The findings of the CA probe have now been sent to the International Cricket Council, which gave CA 14 days to lodge a report.
The report says while they believed players had been racially abused, CA investigators were unable to identify the culprits.
CA, which is awaiting a final report from NSW Police, is satisfied that the six men who were walked out of the lower tier of the Clive Churchill and Brewongle stand by police on the fourth afternoon of the Test did not make remarks of a racial nature to players.
Their removal occurred after rookie fast bowler Siraj approached umpires Paul Reiffel and Paul Wilson alleging he had been abused by spectators seated in the area behind where he was stationed on the rope.
The paceman had been acting on advice from security officials who had encouraged the Indians to report abuse immediately rather than wait until the end of play as they had done 24 hours earlier when Siraj and Jasprit Bumrah said they had been racially targeted on days two and three of the Test.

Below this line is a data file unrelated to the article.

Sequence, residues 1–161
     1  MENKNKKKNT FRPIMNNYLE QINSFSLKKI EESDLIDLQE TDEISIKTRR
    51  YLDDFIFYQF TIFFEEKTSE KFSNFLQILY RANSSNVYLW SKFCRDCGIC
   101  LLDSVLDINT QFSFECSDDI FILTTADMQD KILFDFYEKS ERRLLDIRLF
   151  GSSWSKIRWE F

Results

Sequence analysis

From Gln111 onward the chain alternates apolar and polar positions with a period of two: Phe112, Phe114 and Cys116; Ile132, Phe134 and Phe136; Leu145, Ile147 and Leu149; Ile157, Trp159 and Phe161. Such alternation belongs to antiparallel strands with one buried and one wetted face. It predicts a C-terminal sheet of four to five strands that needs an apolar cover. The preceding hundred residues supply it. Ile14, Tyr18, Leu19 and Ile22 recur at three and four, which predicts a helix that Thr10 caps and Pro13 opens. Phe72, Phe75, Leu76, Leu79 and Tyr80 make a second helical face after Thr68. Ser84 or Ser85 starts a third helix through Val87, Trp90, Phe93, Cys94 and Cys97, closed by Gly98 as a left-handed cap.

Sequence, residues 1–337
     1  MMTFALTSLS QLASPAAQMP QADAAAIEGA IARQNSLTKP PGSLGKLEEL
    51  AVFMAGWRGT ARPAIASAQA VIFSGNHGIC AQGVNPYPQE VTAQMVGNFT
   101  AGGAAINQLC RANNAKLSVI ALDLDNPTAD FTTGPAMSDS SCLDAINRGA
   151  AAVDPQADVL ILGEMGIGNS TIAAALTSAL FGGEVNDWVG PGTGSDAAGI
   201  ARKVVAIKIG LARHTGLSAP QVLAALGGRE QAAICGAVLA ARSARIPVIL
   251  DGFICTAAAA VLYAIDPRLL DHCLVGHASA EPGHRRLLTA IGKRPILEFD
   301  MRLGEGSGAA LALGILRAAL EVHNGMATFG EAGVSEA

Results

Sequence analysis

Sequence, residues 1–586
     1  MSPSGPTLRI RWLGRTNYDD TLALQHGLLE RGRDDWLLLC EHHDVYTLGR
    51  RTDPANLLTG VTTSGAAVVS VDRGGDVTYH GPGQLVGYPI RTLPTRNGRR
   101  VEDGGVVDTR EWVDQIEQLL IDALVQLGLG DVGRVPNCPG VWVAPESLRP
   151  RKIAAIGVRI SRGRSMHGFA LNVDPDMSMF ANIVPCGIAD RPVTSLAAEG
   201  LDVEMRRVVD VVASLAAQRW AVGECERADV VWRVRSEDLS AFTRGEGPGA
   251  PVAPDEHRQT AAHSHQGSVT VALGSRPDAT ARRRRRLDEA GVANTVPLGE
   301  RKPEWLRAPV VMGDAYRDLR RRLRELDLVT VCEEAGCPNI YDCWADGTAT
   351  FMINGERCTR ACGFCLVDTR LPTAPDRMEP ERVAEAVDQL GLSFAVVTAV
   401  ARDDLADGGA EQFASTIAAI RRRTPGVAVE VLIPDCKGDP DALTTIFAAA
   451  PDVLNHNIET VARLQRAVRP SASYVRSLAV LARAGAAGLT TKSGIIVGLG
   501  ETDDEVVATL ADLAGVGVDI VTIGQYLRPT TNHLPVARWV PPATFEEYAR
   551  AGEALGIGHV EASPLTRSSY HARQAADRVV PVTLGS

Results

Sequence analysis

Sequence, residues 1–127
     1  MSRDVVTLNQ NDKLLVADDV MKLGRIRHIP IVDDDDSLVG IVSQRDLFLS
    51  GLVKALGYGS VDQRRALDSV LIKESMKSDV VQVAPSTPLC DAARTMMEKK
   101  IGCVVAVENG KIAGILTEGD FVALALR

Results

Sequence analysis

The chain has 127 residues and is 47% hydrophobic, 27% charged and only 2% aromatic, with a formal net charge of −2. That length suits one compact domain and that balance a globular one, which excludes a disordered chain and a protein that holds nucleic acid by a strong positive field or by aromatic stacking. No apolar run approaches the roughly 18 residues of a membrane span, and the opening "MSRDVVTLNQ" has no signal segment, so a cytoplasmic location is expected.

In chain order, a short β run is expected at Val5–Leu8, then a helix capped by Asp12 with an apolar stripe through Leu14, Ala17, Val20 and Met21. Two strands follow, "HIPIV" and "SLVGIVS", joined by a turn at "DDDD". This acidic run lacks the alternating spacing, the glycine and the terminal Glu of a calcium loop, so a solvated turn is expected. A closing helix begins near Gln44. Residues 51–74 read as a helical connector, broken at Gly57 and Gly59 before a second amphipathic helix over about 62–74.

Siraj told CA after the Sydney Test that he had been called a “brown dog” and a “monkey” and teammate R Ashwin, who said crowd abuse had been a long-term issue at the SCG, alleged “there is a time where they have gone one step ahead and used racial abuses”.
While CA was unable to unmask the culprits, there is a separate investigation by SCG operators Venues NSW into an Indian supporter’s claim that he was told to “go back where you belong” during the Sydney Test by a mid-ranking ground security official.
Krishna Kumar also said a group of young men in the crowd had called him and members of the Indian team “curry munchers” on the third day of the match.
After hiring a solicitor and meeting with Venues NSW legal personnel 12 days ago, Kumar said on Tuesday he had not yet heard back about the investigation.
Chris Barrett is Chief Sports Reporter of The Sydney Morning Herald.